Aliens: Defiance, Episode 3: Mutiny, Dark Horse Comics, August 17, 2016, script by Brian Wood, art by Riccardo Burchielli, colors by Dan Jackson, letters by Nate Piekos of Blambot, cover by Massimo Carnevale, $3.59

    Review by Brendan Allen.

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    Review: Aliens: Defiance #2 – Getting the Job Done

    Review of Aliens Defiance #2

    Aliens Defiance #2 CoverIn Aliens: Defiance, Episode One: Derelict, Colonial Marine Private First Class Zula Hendricks finds herself aboard a ship full of Weyland-Yutani combat androids headed toward an apparently abandoned hauler adrift in space. Her mission is to enter a code into the ship’s computer and transfer the flight recorder data to Tranquility Base: Luna. That will transfer salvage rights to Weyland-Yutani.

    Once aboard the ship, she and the synthetic soldiers discover Xenomorph infestation. Hendricks later learns from one of the synthetics, designated Davis-01, that Weyland-Yutani was fully aware of the Xenomorphs aboard the hauler. Weyland-Yutani had applied for the salvage in order to capture the creatures, weaponize them, and bring them to Earth. Davis-01 is an apparent anomaly among Weyland-Yutani synthetics who has willfully rejected his programming in favor of independent thought.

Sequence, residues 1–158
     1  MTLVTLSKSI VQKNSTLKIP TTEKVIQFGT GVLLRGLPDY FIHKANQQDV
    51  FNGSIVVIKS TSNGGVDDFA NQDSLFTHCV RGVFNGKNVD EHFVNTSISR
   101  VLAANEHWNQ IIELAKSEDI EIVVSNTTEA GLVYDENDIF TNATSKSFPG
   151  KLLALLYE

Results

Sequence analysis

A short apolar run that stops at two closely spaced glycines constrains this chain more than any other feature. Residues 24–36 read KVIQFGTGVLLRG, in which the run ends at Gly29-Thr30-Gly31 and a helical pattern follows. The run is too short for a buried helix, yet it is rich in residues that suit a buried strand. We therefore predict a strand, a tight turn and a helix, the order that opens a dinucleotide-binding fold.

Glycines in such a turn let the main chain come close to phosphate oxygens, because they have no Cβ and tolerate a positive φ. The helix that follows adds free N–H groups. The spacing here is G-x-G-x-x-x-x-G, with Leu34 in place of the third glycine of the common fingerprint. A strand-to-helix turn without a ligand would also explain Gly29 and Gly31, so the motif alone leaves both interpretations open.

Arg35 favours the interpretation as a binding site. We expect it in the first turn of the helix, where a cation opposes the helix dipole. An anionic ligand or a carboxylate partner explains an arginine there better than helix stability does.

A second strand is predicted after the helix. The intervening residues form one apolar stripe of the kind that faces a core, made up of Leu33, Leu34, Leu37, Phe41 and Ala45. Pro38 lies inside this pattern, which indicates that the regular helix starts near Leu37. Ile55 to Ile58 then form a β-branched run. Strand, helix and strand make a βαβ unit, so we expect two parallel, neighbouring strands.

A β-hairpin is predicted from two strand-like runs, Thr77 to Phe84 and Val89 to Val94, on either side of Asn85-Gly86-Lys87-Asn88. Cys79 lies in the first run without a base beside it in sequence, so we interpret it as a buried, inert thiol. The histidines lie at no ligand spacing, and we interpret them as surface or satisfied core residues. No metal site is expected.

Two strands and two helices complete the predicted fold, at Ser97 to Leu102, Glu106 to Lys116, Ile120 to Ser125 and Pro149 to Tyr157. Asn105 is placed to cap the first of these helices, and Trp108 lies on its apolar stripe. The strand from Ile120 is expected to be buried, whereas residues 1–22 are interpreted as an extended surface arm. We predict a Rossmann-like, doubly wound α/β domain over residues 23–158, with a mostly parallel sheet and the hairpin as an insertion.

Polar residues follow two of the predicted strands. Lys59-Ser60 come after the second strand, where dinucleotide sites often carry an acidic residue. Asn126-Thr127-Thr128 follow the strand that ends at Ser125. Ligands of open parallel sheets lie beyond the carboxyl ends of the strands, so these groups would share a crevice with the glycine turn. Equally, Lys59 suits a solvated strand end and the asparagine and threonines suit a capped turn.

In Aliens: Defiance, Episode 2: Kinetic, the Davises (all the synthetics are named Davis) are AWOL and have put down any synthetics who refused to go along with the new plan, to locate and destroy any remaining Xenomorphs. This puts our protagonist in the awkward and deadly situation where she must either also defy orders and go AWOL, or potentially be executed by this band of rogue androids. Zula feels like she may be able to trust Davis-01, but the other security drones have noticed the braces on her back and legs and see her as a liability. This just adds to the already palpable tension of the situation.

    The ship arrives at LV-44-40, a deep space science station that hasn’t sent any data transmissions for 7 hours. Upon approach, the crew learns that all automated systems on the station are down, but there is a large heat signature coming from one the storage bays. PFC Hendricks and Davis-01 will have to board the craft to see if the signature is coming from survivors or Xenomorphs.